City Council donates supplies to Bridge to Home

Mayor Cameron Smyth, right, and City of Santa Clarita City Council members look on as Bride to Home Executive Director Michael Foley lowers his mask to show his smile as he accepts a donation of 84 cases of water, 300 masks, gloves and disinfectant wipes from the city council at the Santa Clarita Community Center in Newhall on Tuesday, April 21, 2020. Dan Watson/The Signal
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After reaching out to medical professionals and firefighters last week, the Santa Clarita City Council paid a visit to Bridge to Home on Tuesday to donate supplies needed to help the most vulnerable. 

Council members delivered boxes of items ranging from 300 masks, gloves, sanitizing wipes and 84 cases of water at the Newhall Community Center, where Bridge to Home’s shelter temporarily transferred due to the novel coronavirus outbreak. 

The city’s donation comes after it entered into an agreement with Bridge to Home, the primary homeless service provider in the Santa Clarita Valley, to transfer from its Drayton Street site to the city’s community center. The move has allowed the nonprofit to continue its operations, such as sheltering up to 60 individuals who are experiencing homelessness, in a larger facility to allow for enhanced physical distancing and other safety measures issued by the Los Angeles County Department of Public Health.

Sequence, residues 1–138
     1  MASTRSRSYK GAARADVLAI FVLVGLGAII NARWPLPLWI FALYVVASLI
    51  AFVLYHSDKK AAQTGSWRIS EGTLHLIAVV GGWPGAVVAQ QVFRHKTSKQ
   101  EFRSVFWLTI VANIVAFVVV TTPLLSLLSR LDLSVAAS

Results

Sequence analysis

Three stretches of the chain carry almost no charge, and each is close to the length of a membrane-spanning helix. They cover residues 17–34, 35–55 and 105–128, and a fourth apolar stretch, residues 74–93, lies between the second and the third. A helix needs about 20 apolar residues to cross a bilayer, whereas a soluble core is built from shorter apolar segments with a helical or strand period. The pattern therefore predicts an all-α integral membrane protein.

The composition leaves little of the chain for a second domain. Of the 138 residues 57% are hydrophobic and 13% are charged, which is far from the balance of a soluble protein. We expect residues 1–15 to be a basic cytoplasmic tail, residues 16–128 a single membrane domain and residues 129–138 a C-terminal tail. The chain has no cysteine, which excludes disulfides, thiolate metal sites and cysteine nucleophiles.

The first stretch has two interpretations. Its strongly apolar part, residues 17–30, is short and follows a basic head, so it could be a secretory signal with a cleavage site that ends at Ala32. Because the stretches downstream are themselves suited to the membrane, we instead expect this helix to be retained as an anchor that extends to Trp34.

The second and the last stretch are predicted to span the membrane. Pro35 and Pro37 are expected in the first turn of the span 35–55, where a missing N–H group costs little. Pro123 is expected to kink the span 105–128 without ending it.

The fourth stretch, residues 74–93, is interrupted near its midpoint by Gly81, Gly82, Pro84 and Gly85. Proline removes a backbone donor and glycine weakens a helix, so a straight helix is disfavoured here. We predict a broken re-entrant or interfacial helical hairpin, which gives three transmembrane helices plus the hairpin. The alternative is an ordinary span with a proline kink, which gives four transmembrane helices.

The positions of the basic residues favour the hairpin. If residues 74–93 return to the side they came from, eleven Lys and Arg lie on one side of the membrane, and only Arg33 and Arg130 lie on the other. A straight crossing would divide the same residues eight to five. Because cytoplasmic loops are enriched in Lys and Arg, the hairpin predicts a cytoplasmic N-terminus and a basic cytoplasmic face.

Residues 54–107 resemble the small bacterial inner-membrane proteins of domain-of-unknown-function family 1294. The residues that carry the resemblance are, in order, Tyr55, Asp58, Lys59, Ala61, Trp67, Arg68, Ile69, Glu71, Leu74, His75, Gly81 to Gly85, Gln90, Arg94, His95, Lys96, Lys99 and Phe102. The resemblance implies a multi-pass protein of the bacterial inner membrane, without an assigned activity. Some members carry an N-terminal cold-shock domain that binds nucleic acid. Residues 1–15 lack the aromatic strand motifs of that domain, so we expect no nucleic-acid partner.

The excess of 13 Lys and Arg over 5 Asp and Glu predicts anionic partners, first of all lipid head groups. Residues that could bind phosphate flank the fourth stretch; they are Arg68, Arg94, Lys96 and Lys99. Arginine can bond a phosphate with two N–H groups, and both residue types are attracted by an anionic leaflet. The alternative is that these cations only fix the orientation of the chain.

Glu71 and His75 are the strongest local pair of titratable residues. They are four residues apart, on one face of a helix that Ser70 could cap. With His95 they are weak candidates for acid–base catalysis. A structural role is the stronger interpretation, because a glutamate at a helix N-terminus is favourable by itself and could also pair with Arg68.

City of Santa Clarita City materials clerk Chris Padula, unloads 84 cases of drinking water which was part of a donation including water, 300 masks, gloves and disinfectant wipes from the SCV city council to Bridge to Home at the Santa Clarita Community Center in Newhall on Tuesday, April 21, 2020. Dan Watson/The Signal

Health experts have deemed the homeless population among the most at risk of becoming infected with COVID-19, prompting the city to lend a hand to Bridge to Home clients and staff. 

“Partnering with Bridge to Home was one of the first steps we took. People who are experiencing homelessness are at greater risk for contracting the virus and it just made sense to find a creative solution to help keep those individuals protected,” said Mayor Cameron Smyth, who is also the chair of the city’s ad hoc homelessness task force, about the city-nonprofit partnership. 

The supplies were much needed. In fact, donations came as the shelter ran out of paper masks, said Smyth. 

“It’s just great that the City Council used its resources to secure extra water, masks and cleaning supplies. It was great to welcome them at the community center, which, in many ways, has been even more of a community center than it’s ever been,” said Michael Foley, Bridge to Home’s director.  

Bridge to Home is also behind the coordination of temporarily housing and serving the homeless population at Super 8 hotel in Canyon Country as part of the statewide effort Project Roomkey that aims to offer 15,000 hotel rooms for people experiencing homelessness amid the coronavirus crisis.

As of Tuesday, there were no reported cases of COVID-19 among the SCV homeless population, said Foley.  

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